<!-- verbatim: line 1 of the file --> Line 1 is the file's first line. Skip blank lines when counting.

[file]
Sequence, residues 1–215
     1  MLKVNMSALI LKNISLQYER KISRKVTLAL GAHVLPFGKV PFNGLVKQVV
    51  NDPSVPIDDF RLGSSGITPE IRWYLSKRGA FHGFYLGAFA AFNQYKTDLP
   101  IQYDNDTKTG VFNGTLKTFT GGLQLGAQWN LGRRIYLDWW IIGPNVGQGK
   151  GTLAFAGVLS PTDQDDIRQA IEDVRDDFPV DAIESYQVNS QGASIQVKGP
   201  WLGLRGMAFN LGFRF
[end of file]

Sequence, residues 1–215